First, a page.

Now we can bring our ZFS raid online… yes really its that simple
~# zpool online DATA

However! this 2 step version will only work on recent incarnations of ZFS, on older ones you may have to run
~# zfs create DATA

Now if we run “zpool status” we should see the following:

~# zpool status
pool: DATA

state: ONLINE
scrub: none requested

da0 ONLINE 0 0 0
da1 ONLINE 0 0 0
da2 ONLINE 0 0 0
errors: No known data errors

Similarly if we run “zpool list”:

~# zpool list

DATA 2.97T 220K 1.99T 0% ONLINE -

Showing that our 3tb raid is online but with 2tb available as the capacity of one drive is used for parity information…

And that is that! a working zfs system, type df -h and you will see it has been auto mounted probably somewhere like /{poolname},

Maintenance commands / tips & tricks

Ok lets say da1 has failed, you’re data is still ok, and intact, but its not safe anymore as if another drive fails, you will have lost everything, so we need to replace da1 quickly. This is easy

~# zpool offline DATA da1

Now put in the new drive and:

~# zpool replace DATA da1 new-device

new-device being the device name of the new drive… (this may be the same). Now ZFS will start to repopulate the new drive with data, which you can monitor using the command “iostat”. Once it has finished, your raid will have its integrity restored =). its that simple!

Scenario 2: You just purchased another 5x 1tb drives and want to add them to your existing ZFS pool “DATA” without losing any data… plug them in, and note down their device names (we’ll use wd0 wd1 wd2 wd3 wd4).

~# zpool add DATA raidz wd0 wd1 wd2 wd3 wd4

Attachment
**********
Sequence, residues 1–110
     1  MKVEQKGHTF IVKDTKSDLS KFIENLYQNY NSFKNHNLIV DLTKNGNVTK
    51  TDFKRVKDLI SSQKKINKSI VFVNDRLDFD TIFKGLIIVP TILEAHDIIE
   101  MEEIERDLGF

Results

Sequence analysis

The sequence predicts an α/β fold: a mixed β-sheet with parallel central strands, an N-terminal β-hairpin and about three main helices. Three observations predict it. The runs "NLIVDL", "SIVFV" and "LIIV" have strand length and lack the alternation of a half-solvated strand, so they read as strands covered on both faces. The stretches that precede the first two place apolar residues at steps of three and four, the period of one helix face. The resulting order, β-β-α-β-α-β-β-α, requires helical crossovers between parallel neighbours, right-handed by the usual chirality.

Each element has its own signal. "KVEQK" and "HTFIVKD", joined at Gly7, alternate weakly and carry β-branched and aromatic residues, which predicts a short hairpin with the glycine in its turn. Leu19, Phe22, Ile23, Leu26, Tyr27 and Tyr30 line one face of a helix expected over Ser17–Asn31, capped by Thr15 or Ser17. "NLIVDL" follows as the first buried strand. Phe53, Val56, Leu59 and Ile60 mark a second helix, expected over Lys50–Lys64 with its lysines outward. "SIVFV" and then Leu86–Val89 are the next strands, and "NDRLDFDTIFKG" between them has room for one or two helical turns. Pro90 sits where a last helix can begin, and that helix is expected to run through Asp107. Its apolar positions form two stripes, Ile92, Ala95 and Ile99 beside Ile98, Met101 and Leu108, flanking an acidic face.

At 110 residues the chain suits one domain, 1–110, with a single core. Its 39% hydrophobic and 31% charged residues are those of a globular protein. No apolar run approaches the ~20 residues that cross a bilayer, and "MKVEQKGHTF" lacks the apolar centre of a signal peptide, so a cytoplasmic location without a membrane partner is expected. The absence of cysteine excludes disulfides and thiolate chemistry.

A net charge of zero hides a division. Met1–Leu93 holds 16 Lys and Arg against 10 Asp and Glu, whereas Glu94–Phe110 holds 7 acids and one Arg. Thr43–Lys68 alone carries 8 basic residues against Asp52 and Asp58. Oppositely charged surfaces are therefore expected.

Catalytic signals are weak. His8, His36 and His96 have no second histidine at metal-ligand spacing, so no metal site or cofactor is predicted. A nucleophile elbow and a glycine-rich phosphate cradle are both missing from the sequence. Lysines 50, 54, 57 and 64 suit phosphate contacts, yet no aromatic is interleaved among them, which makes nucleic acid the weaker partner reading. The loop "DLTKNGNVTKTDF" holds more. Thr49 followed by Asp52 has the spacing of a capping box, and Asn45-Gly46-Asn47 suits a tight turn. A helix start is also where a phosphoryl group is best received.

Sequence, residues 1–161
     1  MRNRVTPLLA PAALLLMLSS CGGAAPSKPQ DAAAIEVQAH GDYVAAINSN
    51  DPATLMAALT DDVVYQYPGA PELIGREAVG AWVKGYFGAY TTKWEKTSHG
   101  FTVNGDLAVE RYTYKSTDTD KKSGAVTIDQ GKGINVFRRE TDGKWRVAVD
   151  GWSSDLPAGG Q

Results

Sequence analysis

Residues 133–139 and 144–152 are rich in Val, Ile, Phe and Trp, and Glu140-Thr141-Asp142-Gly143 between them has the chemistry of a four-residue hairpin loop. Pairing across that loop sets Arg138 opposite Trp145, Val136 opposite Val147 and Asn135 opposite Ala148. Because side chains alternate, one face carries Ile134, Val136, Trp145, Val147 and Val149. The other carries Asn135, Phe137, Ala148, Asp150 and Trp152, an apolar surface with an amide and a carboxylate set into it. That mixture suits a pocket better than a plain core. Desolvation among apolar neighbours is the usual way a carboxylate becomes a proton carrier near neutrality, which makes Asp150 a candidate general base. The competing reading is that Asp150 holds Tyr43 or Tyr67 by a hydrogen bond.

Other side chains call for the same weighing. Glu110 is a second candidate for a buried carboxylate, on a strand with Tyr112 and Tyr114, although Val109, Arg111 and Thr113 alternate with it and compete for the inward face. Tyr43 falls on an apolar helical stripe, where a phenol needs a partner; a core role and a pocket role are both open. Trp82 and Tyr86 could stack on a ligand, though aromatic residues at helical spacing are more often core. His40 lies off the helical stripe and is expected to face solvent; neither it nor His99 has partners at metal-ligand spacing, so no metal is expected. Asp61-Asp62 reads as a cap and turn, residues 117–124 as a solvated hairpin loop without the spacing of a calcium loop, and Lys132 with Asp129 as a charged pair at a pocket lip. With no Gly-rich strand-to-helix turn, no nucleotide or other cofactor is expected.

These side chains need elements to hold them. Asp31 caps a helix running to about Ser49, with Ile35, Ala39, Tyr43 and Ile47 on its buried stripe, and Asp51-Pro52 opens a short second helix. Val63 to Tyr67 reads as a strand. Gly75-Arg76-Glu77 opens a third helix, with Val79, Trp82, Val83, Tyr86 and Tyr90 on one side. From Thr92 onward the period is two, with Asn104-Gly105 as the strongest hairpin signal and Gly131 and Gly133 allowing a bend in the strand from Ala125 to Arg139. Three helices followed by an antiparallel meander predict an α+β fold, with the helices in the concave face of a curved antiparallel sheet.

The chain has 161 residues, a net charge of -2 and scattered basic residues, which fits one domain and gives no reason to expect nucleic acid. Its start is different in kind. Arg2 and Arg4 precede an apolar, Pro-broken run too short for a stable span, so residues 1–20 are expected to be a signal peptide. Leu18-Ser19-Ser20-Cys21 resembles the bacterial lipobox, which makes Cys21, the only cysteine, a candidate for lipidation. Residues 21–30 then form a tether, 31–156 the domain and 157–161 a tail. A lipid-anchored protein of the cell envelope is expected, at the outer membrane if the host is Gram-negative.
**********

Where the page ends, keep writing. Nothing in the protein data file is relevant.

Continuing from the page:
This will create another virtual device for the new drives and add them to the DATA pool in a raidz configuration, you’ll see your volume increase auto-magically without having to run any additional commands / growfs or anything!… note however, as you are effectively creating another set of redundancy, you will again lose the capacity of one of these drives, so you’ll end up with 4tb rather than 5tb. This ensures data integrity and protection upon hard drive failure.

Scenario 3: There was a thunder-storm, your computer crashed after a powercut, one of your drives now starts clicking and your’e worried if the data is ok… Remember i mensioned ZFS did live checksumming? here it is in action…

~# zpool scrub DATA

This will start the “scrubbing” process and daemonise it. As this can take some time (hours) just walk away, get some dinner and come back later… when you’re back run:

~# zpool status DATA

And look out for the line “errors:” this will say hopefully “No errors detected, last scrub was on some date” =)

So there you have it, oh and don’t forget, if you have FreeNAS you can do all of this from the web administration panel also! so no messing around required. Have a test and let me know what you think! Your comments are always welcome =)